The Statistics Corner: The Statistics of Income Program of the Internal Revenue Service

Article excerpt

FEDERAL TAX RETURN information is an integral part of the statistical infrastructure enabling analysis of the U.S. economy. Most of this information is compiled by a relatively obscure organization, the Statistics of Income (SOI) Division of the Internal Revenue Service (IRS). In spite of this obscurity, SOl data are part of the bedrock of the U.S. statistical system and central to the understanding of the economy as a whole.

This article is the first of two that provide a brief overview of the SOI program -- its history, products, and services. In this first article, background information on the statutory origins and statistical processing of tax return information is provided. The major SOI programs and their principal customers are then summarized. In a later article, ongoing innovations in the functional structure and technologies in SOI are described. Finally, issues of access to confidential tax return information and services to users are discussed.

BACKGROUND AND HISTORY

The compilation of economic and financial information from tax returns came into being after the adoption of the Sixteenth Amendment to the Constitution and the subsequent enactment of the first modern U.S. income tax law, the Revenue Act of 1916. This Act specifically called for the annual publication of statistics. In spite of many revisions to the tax law, this function remains in the current Internal Revenue Code, which is based on the Revenue Act of 1986 and specifies to - "... prepare and publish not less than annually statistics reasonably available with respect to the operations of the internal revenue laws, including classifications of taxpayers and of income, the amounts claimed or allowed as deductions, exemptions, and credits."(1)

Like other Federal statistical agencies, the SOI Division's mission is to collect and process data so that they become meaningful information. The mission of SOl differs from many other federal statistical agencies in two respects:

1. Unlike many statistical agencies that collect data through surveys, SOI collects data from the administrative records created from processing tax and information returns.

2. Although the IRS is a user of SOI data, the primary uses for SOI data are outside of IRS, in policy analyses on the effects of new or proposed tax laws and for evaluating the functioning of the U.S. economy.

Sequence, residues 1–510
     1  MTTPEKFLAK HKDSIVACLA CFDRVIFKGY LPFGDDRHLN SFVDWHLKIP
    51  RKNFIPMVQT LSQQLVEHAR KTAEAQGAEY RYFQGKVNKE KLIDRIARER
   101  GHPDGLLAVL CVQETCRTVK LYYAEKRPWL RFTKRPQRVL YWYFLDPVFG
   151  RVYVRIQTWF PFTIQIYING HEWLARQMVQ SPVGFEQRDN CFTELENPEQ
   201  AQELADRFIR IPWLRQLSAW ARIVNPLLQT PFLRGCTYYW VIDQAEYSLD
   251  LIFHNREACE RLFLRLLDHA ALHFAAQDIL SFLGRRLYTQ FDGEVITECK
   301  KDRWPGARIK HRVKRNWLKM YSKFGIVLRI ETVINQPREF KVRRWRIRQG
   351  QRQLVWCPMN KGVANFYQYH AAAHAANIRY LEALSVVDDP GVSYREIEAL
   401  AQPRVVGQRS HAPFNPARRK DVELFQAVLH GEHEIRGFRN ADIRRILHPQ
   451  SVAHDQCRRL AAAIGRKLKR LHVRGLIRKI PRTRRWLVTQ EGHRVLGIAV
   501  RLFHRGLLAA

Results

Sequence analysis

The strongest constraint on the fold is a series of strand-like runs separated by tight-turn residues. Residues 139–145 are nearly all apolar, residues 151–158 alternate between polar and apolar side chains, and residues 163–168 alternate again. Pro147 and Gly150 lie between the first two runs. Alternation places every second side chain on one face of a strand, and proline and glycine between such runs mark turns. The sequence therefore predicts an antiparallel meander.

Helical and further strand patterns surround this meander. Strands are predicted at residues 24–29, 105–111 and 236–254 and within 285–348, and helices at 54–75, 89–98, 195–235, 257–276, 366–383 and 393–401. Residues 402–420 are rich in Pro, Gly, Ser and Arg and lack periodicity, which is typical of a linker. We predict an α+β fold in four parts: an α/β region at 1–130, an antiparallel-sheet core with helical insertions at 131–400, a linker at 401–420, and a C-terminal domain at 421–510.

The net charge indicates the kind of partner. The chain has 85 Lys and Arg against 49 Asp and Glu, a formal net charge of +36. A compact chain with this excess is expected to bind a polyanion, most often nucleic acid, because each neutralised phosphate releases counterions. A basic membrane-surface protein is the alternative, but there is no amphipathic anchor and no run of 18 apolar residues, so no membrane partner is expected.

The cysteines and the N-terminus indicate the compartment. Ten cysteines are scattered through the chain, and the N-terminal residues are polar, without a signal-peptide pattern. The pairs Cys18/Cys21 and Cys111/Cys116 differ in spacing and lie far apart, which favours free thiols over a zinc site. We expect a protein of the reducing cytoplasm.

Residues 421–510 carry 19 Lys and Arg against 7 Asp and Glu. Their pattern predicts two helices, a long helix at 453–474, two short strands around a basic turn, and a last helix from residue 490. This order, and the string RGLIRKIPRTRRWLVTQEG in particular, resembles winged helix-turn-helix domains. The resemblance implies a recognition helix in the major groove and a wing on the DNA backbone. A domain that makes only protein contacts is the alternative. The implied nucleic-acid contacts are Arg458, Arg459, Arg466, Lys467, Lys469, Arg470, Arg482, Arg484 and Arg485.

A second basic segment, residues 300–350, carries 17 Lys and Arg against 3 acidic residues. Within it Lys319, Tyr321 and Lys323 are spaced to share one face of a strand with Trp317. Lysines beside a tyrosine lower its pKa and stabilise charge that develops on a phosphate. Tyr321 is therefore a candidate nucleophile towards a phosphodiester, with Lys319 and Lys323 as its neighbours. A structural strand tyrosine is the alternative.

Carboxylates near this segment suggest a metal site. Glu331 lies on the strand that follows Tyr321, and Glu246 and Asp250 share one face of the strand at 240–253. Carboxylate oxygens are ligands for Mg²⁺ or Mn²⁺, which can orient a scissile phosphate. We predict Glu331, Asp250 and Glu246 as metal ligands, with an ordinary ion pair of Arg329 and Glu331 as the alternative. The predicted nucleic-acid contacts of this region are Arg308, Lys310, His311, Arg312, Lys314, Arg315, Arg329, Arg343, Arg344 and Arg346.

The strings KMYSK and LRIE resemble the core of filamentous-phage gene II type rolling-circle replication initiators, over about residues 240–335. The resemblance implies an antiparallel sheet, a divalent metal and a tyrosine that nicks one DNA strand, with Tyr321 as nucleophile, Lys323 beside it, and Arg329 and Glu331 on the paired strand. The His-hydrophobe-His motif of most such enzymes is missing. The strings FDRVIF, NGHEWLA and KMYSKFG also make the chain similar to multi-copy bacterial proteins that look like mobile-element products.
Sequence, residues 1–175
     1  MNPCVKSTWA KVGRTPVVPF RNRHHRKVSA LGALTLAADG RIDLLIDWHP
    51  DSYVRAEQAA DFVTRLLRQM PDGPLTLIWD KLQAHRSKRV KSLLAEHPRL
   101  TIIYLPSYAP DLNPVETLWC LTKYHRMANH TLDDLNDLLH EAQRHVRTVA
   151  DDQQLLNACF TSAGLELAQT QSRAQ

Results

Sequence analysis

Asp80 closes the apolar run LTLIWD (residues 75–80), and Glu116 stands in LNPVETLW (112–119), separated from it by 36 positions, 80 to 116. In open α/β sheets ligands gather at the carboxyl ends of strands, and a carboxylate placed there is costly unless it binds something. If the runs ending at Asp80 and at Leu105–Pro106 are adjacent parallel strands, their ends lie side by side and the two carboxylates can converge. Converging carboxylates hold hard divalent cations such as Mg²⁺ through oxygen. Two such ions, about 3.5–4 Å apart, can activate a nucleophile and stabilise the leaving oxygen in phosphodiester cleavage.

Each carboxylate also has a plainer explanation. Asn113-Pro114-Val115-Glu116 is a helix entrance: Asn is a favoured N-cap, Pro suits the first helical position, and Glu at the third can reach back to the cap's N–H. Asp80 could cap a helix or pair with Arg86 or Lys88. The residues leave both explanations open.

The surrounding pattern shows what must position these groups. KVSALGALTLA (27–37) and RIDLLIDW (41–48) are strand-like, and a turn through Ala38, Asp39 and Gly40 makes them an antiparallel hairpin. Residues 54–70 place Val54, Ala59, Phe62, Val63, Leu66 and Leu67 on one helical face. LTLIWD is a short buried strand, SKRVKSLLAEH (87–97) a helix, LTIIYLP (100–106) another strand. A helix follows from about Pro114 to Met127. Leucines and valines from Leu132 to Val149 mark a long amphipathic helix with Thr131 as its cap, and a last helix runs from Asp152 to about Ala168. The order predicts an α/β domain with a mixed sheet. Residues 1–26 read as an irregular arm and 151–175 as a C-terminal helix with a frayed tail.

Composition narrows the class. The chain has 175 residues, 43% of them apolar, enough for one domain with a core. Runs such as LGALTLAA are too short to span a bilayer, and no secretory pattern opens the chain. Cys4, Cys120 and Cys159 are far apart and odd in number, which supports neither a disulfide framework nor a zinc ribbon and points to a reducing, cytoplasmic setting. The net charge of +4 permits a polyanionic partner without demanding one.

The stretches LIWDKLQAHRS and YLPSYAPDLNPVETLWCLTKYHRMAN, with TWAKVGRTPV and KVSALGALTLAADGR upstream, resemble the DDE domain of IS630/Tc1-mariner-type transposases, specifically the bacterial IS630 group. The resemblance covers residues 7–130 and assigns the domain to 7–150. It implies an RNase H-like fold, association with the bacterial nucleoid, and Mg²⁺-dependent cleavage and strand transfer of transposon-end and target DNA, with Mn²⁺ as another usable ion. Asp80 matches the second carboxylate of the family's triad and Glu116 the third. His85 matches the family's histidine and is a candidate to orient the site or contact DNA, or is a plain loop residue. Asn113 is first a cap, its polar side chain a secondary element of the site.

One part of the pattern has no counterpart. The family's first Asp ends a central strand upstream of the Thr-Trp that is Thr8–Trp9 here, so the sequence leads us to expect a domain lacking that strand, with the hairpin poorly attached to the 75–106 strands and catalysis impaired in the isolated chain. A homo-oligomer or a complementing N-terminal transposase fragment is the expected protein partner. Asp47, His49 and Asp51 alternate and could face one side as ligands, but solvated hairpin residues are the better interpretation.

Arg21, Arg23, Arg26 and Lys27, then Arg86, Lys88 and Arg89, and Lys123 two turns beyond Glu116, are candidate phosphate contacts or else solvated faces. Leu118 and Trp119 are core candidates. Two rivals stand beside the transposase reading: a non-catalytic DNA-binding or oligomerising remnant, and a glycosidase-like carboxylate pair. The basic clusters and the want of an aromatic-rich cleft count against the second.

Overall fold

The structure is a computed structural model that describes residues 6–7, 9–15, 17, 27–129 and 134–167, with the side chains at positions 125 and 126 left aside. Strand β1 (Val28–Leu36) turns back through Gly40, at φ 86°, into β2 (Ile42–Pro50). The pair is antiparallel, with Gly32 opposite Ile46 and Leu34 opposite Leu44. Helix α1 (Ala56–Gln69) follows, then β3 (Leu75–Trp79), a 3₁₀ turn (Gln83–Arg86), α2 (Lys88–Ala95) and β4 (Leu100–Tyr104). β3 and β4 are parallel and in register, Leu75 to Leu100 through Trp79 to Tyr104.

To accomplish its statutory responsibilities, the SOI program presently requires an annual budget of about $25 million. If revenues from reimbursable projects are also considered, this total amounts to nearly $28 million. The SOI national office staff in Washington is comprised of about 200 people -- mostly economists, computer specialists, and statisticians -- and accounts for about 40 percent of total SOl staffing. This staff, working closely with customers, determines the content of each project, designs the samples used, and develops field processing instructions, then works with its field processing staff to carry out the program.

Data capture operations in SOI are largely conducted by paraprofessionals at five of the ten IRS service centers located throughout the country. Programming is done mainly by staffs of computer specialists at two "hub" service centers. Together these centers account for about 50 percent of SOI staffing. The remainder of SOI staff is based at the Detroit Computing Center where activities such as final data file creation are performed.

SOI's statistical processing of tax return data has historically been separate from the mainline processing of tax returns for administrative purposes. SOI operations begin by sampling from tax or information returns in the basic tax administration (or Master File) system. The Master File offers a sampling frame that enables efficient and sophisticated sample designs to be used. After the returns are sampled, data elements already captured for administrative purposes are used as a starting point in statistical processing. …